...game. Oh it's a numbers game, it'sNothi is wasn't a numbers game. You don't go after everybody, that'sbreathing you ave to ones where you're actually going to have a connection,and I think the more we get behind these virtual walls. We have to worktwice as hard to drive that connection the not only that but to get people getthrough the noise to get people's attention for them to willing to get onas zoom meeting so you can actually see their facen see absolit, lations andthings like that, and I think that creates a hell of a challenge I meanwith, without being able to do that, effectially withoutleading with value,you probably run the risk of damaging your brand, your personal brand and thecorporate brand on my my missing the mark there, or is that pretty accurate?No, I think, that's totally true and it's funny that you mention the brandonly because I think a lot of people hide behind their corporate brand anddon't like put themselves out there, and I don't know if it's if it's,because I think it's an internal thing they're not allowed to, or you knowthat maybe they're not confident. I don't know what it is. But again youknow that people buy from other people that they know like and trust. That'ssomething that's again: Sales Onde on one, but if you don't put yourself outthere and make yourself an actual human and make yourself personal and makeyourself relatable, how am I ever going to engaged with you? And that goes backto one of my pet peeves that when people look at their linkedon profiles,if you see it's written third person, it drives me crazy, because I wouldn'tgo up to you and be like here's. My resume Cha a'd nice to meet you like. Iwould talk to you like I this you that I would. I would use different words.It's written like you, want ID to sound like the backflap of a book type ofthing. You know the biosection is very boring, very buttoned up. Very youdon't know who the person really is right, so you had to give yourself somepersonality, obviously professional personality, but I think that's that's.What's missing too yeah, and I remember I mean you can see the audience can'tthink goodness, because I do have a face for podcasting. These are platinumhighlights in my go tea. This is not great here, at least that's whot. I'mtelling myself, like I remember back when social media first started linkeDan facebook and there was a lot of churn inside the organizations where Iwas an executive about what do we allow our people to do? What? What willimpact negalally impact, the Corporate Bran vers? What are where are theboundaries and the guidelines, a D and I feel like those still haven't, beendefined and were or established at least not cross. generationally likefor myself as a Genx Ror, I didn't grow up with my face in a screan. Millennialwas probably more so genzetd absolutely and there's these differentunderstandings of appropriate versus nonapprepiate. So we get thisgenerational class and lack of shared reality across what is or is notappropriate, which boils down from. I guess when I've seen into this one word:authenticity, yes, and so how do you help? How do you suggest people whenthey think about their Linkdin profiser, the way that they interact, digitallymaintain authenticity without jeopardizing their own personal brandand or a corporate brand any guy? And then this may sound like a basic likeDu question, even as I hear myself asking it, I think I know the answer,but I'm finding. We all need to go back to basics for some level of foundationof this point, but just curious on your thoughts. So are you? Are you askingbasically what en the somebody's profile presence on Linkedon or thei'Rsocialust Te General? Well, I mean N, just Theyr, just think about theirdigital presence yeah, because because now nowadays a lot of people still havenot locked down their facebook. I don't know why. They're, I don't know whatthey have. I don't know why to haven't figured that out and then the you know,instagram some haven't locked that down either so they may have this like wow,I'm super polished and professional link in and then there's shots. Youknow body shots in Tokila and weird. You know dark alleys on their facebookD and it doesn't create. You know it's satistic. So how do you help people?How do you suggest people kind of understand the multifacets of theirsocial persona and the impact that it can have on a business or on theirability to connect H, human being yeah? Absolutely, I think well, aside fromgiving me those crazy pictures that...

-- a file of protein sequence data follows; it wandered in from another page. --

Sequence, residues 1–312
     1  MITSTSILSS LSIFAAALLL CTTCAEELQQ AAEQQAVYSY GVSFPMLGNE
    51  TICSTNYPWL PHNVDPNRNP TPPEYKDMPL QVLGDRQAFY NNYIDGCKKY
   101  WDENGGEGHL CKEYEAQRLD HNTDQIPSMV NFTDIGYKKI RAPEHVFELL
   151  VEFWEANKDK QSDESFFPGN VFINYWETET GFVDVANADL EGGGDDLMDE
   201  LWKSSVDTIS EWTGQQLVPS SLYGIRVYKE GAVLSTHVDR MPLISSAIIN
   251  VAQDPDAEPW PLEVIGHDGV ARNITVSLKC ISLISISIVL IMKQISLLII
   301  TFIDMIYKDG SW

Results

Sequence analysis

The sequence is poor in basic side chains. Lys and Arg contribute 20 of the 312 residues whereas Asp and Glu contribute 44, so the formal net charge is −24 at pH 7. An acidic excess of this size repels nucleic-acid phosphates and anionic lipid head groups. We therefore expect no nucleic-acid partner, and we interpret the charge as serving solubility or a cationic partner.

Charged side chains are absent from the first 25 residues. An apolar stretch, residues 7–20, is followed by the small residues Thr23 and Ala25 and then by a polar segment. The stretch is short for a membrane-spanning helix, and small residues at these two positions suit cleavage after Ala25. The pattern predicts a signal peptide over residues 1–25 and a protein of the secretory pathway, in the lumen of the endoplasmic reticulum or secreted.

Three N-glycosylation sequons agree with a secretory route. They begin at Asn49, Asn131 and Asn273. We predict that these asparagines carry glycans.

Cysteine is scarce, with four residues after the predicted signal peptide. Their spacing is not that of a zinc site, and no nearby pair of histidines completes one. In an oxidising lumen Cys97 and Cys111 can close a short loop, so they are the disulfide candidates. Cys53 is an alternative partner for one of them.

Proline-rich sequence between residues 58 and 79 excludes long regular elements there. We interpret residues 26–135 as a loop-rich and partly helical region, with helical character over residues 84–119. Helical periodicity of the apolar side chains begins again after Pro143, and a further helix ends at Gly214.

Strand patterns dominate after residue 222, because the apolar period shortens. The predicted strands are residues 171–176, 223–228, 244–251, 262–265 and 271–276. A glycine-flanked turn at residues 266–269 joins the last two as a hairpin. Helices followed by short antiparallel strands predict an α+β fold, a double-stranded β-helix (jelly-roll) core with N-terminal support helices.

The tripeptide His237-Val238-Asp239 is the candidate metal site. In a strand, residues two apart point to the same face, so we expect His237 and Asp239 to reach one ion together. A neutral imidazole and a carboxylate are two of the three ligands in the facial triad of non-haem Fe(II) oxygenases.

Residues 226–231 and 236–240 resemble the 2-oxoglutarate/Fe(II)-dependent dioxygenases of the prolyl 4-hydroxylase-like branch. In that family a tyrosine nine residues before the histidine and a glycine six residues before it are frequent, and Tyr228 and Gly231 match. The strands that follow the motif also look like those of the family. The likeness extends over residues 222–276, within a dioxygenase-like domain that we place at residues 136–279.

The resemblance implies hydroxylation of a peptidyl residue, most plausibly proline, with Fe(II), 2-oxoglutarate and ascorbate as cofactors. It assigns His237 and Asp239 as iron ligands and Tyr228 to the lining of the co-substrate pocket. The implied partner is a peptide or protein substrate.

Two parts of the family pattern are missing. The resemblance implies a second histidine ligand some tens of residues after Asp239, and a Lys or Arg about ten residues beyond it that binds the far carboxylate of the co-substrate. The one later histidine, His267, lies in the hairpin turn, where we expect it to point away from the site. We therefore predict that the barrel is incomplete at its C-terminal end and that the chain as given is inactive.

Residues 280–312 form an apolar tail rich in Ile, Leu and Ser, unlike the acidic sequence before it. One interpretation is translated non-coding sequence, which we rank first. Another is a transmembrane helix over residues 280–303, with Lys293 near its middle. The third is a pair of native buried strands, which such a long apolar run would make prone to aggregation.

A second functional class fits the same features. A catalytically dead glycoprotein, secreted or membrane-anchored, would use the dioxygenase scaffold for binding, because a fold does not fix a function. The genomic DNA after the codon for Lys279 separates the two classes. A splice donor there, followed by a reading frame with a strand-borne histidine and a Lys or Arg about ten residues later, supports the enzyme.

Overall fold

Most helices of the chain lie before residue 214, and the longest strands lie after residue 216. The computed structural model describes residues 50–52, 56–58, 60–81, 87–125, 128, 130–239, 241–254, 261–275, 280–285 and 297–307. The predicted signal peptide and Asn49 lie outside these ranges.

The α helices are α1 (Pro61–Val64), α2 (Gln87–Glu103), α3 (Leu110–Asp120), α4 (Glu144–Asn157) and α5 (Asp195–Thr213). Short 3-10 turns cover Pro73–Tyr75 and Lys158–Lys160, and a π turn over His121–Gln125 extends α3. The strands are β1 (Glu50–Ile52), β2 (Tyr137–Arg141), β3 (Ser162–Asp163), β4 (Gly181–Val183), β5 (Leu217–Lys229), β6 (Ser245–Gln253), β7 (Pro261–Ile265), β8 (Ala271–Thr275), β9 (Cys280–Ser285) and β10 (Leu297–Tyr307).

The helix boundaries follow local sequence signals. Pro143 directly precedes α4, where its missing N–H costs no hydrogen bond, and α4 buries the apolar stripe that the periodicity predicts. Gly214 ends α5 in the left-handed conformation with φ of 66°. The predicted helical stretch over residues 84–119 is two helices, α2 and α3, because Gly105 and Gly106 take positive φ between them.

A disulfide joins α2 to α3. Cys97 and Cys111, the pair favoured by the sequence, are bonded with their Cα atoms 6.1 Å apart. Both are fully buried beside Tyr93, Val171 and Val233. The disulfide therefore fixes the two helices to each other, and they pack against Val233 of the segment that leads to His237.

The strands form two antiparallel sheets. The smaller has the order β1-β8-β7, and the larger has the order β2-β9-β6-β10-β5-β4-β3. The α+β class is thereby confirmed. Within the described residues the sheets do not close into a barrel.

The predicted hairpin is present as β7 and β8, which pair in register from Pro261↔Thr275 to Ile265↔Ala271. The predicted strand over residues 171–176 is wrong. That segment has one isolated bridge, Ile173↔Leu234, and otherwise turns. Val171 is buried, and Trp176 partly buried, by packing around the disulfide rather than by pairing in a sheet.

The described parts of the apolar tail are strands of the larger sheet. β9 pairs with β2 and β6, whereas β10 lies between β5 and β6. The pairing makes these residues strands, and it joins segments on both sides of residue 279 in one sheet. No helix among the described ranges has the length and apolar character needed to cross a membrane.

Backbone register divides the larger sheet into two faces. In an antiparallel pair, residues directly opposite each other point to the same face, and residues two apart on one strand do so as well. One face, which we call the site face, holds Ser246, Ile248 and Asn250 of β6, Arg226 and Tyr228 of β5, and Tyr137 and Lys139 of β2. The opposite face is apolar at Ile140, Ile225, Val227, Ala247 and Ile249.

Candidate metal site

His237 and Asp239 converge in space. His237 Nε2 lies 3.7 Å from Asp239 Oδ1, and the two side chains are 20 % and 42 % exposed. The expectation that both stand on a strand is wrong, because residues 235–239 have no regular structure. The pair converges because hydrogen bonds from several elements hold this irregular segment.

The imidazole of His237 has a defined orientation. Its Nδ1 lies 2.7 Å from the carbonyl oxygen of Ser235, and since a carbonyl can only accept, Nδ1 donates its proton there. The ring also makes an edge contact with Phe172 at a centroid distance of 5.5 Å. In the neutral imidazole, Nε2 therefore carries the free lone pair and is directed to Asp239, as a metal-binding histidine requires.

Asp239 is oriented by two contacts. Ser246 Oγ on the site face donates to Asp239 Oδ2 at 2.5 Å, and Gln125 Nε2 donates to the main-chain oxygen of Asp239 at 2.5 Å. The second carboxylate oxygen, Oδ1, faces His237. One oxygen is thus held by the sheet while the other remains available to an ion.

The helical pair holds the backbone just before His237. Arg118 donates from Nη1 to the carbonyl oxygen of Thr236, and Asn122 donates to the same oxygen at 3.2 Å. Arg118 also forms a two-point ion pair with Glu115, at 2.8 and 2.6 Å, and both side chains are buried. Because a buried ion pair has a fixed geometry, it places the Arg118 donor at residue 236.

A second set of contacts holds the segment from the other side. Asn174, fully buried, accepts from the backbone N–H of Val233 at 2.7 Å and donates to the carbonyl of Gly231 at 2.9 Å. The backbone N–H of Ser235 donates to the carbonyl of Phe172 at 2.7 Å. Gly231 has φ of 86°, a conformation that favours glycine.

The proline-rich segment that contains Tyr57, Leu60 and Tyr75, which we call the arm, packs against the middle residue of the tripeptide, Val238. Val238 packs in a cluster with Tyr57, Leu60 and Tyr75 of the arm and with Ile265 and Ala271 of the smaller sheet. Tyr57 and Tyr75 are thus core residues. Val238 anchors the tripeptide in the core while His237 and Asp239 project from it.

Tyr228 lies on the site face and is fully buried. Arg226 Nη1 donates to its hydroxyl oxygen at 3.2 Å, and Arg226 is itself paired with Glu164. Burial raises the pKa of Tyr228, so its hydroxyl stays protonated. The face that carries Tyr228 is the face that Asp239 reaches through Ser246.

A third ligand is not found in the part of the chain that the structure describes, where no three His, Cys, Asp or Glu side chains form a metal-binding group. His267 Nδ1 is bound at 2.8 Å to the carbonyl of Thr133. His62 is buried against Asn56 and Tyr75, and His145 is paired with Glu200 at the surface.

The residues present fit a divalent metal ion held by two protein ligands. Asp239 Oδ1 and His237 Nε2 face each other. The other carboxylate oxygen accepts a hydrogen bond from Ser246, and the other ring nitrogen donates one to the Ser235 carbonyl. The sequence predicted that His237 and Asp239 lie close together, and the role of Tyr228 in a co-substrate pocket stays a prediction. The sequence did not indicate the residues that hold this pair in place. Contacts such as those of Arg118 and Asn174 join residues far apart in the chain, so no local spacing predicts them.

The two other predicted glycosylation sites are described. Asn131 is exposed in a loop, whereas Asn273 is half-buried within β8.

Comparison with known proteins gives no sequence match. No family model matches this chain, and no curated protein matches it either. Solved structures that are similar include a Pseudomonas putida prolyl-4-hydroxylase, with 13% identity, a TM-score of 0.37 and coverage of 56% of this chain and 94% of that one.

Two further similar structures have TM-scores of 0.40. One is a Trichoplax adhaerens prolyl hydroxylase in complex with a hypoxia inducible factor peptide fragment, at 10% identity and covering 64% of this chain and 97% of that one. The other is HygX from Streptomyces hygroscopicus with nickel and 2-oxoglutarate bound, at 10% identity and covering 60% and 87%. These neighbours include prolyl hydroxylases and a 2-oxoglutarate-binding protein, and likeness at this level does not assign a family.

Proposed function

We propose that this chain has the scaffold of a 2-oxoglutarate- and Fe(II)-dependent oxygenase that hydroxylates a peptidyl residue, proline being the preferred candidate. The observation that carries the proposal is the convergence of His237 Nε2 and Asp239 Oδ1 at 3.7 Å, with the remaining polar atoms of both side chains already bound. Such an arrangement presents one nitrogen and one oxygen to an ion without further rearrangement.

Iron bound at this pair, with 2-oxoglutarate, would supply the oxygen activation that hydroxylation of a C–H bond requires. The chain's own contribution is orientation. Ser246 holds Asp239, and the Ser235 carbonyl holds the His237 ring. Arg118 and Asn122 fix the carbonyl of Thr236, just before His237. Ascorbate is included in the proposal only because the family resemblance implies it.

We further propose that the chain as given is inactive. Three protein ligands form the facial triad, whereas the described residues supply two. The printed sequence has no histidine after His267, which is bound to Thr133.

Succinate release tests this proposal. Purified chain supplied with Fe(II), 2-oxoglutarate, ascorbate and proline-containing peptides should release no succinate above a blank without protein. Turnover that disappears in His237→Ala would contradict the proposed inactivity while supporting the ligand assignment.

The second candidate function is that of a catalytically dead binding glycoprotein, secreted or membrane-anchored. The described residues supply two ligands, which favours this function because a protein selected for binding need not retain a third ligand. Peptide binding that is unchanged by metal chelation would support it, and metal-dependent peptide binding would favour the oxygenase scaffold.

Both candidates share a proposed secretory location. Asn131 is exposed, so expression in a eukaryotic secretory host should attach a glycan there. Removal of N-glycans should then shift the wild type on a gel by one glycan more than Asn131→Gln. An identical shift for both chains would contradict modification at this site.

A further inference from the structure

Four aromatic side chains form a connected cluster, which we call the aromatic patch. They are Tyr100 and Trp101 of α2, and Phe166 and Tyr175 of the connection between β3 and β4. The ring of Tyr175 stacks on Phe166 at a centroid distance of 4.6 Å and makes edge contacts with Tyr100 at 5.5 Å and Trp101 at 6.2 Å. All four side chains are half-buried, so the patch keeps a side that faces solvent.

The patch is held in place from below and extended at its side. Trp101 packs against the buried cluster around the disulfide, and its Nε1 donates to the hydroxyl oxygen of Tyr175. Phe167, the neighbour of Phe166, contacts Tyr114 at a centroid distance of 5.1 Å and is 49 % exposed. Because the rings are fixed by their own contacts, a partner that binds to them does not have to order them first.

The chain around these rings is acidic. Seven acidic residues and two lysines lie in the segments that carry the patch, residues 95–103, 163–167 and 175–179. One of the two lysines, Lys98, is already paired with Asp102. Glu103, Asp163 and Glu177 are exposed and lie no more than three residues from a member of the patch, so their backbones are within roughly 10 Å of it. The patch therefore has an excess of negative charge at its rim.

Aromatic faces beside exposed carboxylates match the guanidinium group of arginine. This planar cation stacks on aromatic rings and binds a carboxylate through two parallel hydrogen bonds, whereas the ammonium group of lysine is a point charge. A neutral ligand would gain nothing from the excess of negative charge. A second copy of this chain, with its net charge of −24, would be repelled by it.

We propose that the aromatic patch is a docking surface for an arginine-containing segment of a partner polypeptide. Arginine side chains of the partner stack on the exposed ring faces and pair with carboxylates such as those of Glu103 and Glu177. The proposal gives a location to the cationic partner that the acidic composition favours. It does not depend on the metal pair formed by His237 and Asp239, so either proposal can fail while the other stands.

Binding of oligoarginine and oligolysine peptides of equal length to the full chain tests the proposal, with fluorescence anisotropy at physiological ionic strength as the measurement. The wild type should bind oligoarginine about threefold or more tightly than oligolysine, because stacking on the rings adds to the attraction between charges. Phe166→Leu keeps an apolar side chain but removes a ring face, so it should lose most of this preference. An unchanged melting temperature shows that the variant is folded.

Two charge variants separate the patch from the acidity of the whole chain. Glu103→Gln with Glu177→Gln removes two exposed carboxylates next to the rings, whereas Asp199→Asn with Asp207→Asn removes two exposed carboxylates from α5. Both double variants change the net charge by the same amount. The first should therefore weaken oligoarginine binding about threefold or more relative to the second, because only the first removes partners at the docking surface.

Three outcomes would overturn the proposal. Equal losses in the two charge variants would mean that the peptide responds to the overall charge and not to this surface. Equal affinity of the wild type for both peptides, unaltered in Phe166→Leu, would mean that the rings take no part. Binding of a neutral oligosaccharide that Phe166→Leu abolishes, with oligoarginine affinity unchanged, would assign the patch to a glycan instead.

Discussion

...people like to door lack of picturethat that' that's a whole other conversation right there I mean it hasto be a professional picture. It doesn't have to be something whereyou're in a suitan tie right necessarily, but just has to be freshfashional, but I think my biggest thing that I've seen a lot of at least bto besales leaders. Is there listing their employers, their roles, their salesaccomplishments, no relevant value. You know I did. I had my team to look at alot of be to be sales leaders profiles and we kind of did our own likeunofficial study, and we saw that the thing that Aur most people are talkingabout are their close rates, their sales awards. You know how they're, hitting orexceeding quotas and targets, but unless you're selling sales training oryour a sales coach or that's the realm that you live in as a fire as aprospect. It kind of turns me off because I feel like you're going topitch me the minute I connect to you or your onlly care about me, helping youmake your quota not about the value you're going to give to me as anindividual. So you know that's one thing that I think people need to thinkabout when they're looking at their social profile. Like you can't tratelinkdon like the other profiles, it has to be professional to a certain extent, butthen you also have to be a human. You can't just be so like buttoned up likewe're talking about and then that third person thing I was talking about. Idon't like that automatic disconnect. Nobody talks like that in real life, soI don't understand why that is again that human couman connection, I'm nottalking I to a piece of paper, I'm not talking to a screen, I'm talking to aperson, and another thing that I see is that people are talking about theirpast and what they did in the past, instead of the presient and the actualoe now, and how they're helping clients now and what challenges they're, seeingin they're in their market with their clients, and you know how they can helpthem with their current situations for future and long term growth gooalswhatever that is, and last thing is about building trust with digitalrelationships. So if you are profile and messaging does four things, I thinkit's going to help you build that credibly and tross it. It's onedemonstrate clear understanding of your target audience. Business needslikegoing back to homework and doing your research and knowing your audience and go beyond personalization, providethe personal message so to me, personalization and personal, twodifferent things. So we need to speak to the human. That's the personalwithin the target accounts that you're looking to win, protect, expandwhatever it is that your goal is and then also share content, that'sapplicable to d decision making process and relevant. Don't just share sillythings. That stuff is for other platforms that might be por, facebookor it might be for instagram or whatever tick Tock. Whatever you'reusing. I don't need silly, you know uplifting things or political things onLinkeon, that's not what I go to it for and the fourth thing that I like sellpeople is to build consensuns with decision makers and influencers. Sothat's going to go back to make sure that you are sharing stuff, that'sapplicable, yeah absolutewy. It also means they have to have a voice e Havto have an opinion, and you have to know how to express that opinion inpublic discourse without being divisive, which, if you look at the news today, we'renot very good at it. Just generally, but I mean you have to be like humanbeings are messy. There's nothing there's nothing pretty about any of uslike I don't I don't care, and it's and this whole instagram duck lip meme methink she's laughing, because I'm literally holding my hand up like I'mtaking a picture, and I made the ducklip face audience. So that was justfor you, but it's all we live in this like meme me, but in order to connectit has to be about them. First, there's not a significantly easy way to teachindividuals how to cross that chasm, and so I think, there's a huge gapwhich leads to the whole divisiveness and things of that nature andunderstanding that linked book Linkedin is not the facebook of business. It wasnot designed to be that man get that point across super challenging,depending on the generation thet you're speaking to and their understanding ofthe digital environment. I'm curious: Have you seen kind of you're talking toolder clients versus younger clients, kind of what strata of explanation doyou have to provide or guidance coaching mentoring? Shirpaing? Do youhave to provide to get them to not be...